Gretel & Hansel (also known as Gretel & Hansel: A Grim Fairy Tale) is a 2020 horror film based on the German folklore tale “Hansel and Gretel” by the Brothers Grimm. The film is directed by Oz Perkins. Sophia Lillis and Sam Leakey portray the title characters, alongside Charles Babalola, Jessica De Gouw, and Alice Krige. The story follows Gretel and Hansel as they enter a dark wood in order to find work and food, and then stumble upon the home of a witch. (wiki)
timespace coordinates: 90’s (?) rural Ireland
Extra Ordinary is a 2019 Irish tea-cosy “Ghostbusters” horror comedy film written and directed by Mike Ahern and Enda Loughman. The film stars Maeve Higgins, Barry Ward, Will Forte, Claudia O’Doherty, Jamie Beamish, Terri Chandler, Risteárd Cooper and Emma Coleman. (wiki)
timespace coordinates: 2040’s – Aurora Mars Mission 2. The Last Days on Mars is a 2013 science fiction-horror film directed by Ruairí Robinson with a screenplay by Clive Dawson, based on the short story “The Animators” by Sydney J. Bounds. Scored by Max Richter.
It stars Liev Schreiber, Elias Koteas, Romola Garai, Goran Kostić, Johnny Harris, Tom Cullen, Yusra Warsama, and Olivia Williams. It is an international co-production between Ireland and the UK. (wiki)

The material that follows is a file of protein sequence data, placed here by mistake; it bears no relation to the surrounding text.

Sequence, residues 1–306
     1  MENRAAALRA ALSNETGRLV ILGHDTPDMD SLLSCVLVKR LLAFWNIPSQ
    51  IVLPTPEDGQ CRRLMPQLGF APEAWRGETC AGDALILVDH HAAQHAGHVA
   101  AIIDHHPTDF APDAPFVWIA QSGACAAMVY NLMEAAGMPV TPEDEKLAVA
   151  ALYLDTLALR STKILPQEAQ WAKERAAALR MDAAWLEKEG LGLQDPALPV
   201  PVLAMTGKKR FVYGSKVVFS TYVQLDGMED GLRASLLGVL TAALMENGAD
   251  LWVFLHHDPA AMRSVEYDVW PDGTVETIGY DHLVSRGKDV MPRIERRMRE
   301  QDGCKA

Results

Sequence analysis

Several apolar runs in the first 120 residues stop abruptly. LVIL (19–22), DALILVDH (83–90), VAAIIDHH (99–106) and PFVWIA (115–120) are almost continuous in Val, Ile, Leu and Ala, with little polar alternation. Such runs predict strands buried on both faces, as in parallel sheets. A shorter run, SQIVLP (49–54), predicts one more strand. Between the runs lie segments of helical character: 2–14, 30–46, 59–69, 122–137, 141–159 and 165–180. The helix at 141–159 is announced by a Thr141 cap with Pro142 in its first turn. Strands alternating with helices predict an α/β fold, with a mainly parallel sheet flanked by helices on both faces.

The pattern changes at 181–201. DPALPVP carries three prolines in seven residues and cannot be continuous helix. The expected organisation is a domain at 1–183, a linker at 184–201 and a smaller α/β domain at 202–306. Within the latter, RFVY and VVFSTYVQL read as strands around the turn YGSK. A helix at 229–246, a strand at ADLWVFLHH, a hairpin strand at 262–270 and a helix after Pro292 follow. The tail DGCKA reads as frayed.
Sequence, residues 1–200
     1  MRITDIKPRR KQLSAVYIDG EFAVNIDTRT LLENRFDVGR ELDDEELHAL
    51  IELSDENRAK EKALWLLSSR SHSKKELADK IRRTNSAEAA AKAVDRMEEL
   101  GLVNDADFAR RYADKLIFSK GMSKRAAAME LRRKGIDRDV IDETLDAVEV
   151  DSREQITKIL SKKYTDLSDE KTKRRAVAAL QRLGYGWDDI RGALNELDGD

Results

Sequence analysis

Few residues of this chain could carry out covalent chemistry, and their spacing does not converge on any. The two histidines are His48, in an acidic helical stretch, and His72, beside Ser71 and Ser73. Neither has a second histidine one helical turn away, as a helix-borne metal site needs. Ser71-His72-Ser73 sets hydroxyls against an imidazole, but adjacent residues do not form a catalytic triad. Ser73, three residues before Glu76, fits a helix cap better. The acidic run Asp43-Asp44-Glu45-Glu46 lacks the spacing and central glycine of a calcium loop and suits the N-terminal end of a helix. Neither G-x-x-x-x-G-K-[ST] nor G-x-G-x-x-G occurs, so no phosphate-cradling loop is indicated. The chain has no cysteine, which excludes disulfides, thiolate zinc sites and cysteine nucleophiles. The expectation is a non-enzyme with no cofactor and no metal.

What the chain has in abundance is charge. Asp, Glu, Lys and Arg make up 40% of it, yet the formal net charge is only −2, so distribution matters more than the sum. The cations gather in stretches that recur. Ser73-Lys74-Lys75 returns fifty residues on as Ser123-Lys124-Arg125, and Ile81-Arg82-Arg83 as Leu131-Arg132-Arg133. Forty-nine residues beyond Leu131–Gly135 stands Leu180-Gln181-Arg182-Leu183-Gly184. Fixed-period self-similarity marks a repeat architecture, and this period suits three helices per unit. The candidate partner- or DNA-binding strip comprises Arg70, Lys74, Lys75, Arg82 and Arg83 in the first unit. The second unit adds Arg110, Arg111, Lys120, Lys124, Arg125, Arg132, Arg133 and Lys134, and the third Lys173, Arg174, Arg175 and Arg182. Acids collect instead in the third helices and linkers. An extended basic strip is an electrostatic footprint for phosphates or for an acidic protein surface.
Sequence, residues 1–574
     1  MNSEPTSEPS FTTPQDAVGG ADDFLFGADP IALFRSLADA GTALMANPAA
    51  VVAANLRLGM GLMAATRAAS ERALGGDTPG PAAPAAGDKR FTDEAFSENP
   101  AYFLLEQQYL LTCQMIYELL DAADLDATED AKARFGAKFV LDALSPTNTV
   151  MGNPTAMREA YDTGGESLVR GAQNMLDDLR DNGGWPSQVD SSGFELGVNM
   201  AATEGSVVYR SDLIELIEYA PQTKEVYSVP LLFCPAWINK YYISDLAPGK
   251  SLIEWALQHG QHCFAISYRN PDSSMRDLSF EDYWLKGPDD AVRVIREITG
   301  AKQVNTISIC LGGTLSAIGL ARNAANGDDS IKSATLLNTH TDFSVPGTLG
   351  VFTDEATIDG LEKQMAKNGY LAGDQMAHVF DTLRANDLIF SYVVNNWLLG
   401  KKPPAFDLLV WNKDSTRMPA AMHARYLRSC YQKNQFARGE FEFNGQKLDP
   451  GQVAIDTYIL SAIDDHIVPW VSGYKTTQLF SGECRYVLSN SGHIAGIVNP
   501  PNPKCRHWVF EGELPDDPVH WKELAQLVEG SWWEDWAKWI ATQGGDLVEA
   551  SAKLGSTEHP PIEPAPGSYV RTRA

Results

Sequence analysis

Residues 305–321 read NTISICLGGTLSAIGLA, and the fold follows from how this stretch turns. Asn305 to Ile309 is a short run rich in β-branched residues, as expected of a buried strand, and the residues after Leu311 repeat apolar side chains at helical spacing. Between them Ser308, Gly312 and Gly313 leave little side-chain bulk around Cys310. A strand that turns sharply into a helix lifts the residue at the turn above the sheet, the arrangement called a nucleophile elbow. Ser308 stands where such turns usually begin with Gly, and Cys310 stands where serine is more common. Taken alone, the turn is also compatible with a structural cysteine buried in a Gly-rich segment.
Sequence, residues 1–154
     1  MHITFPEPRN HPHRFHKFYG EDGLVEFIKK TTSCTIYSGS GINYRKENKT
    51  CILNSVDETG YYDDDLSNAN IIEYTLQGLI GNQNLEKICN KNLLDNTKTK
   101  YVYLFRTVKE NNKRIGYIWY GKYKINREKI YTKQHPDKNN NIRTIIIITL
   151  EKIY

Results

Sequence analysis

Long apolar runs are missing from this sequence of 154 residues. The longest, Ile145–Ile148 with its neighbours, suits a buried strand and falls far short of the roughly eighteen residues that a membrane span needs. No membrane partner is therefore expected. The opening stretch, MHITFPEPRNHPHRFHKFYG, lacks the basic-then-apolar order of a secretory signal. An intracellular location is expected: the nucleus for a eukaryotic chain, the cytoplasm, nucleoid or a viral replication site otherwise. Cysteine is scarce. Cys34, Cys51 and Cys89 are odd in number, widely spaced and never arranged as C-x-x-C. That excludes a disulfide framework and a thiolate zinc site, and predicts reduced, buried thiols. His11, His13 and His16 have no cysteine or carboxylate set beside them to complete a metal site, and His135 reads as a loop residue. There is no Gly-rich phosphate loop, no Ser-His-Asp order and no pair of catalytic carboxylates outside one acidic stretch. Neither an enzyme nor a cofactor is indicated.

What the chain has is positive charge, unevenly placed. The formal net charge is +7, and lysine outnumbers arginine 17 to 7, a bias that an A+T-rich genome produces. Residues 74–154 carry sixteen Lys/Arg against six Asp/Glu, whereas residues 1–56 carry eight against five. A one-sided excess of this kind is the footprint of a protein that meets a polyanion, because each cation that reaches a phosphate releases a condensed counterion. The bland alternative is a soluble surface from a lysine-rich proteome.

“Large temptations will emanate from these machine-animals, produced by people themselves, and it will be the task of a spiritual science that explores the cosmos to ensure all these temptations do not exert any damaging influence on human beings.” —Rudolf Steiner
In an increasingly digitized world, where both work and play are more and more taking place online and via screens, Rudolf Steiner’s dramatic statements from 1917 appear prophetic. Speaking of “intelligent machines” that would appear in the future, Steiner presents a broad context that illustrates the multitude of challenges human beings will face. If humanity and the Earth are to continue to evolve together with the cosmos, and not be cut off from it entirely, we will need to work consciously and spiritually to create a counterweight to such phenomena.
In the lectures gathered here, edited with commentary and notes by Andreas Neider, Rudolf Steiner addresses a topic that he was never to speak of again–the secret of the geographical, or ahrimanic, Doppelganger. The human nervous system houses an entity that does not belong to its constitution, he states. This is an ahrimanic being that enters the body shortly before birth and leaves at death, providing the basis for all electrical currents needed to process and coordinate sensory perceptions and react to them.
Based on his spiritual research, Steiner discusses this Doppelganger, or double, in the wider context of historic occult events relating to spirits of darkness. Specific brotherhoods seek to keep such knowledge to themselves to exert power and spread materialism. But this knowledge is critical, says Steiner, if the geographical Doppelganger and its challenges are to be understood.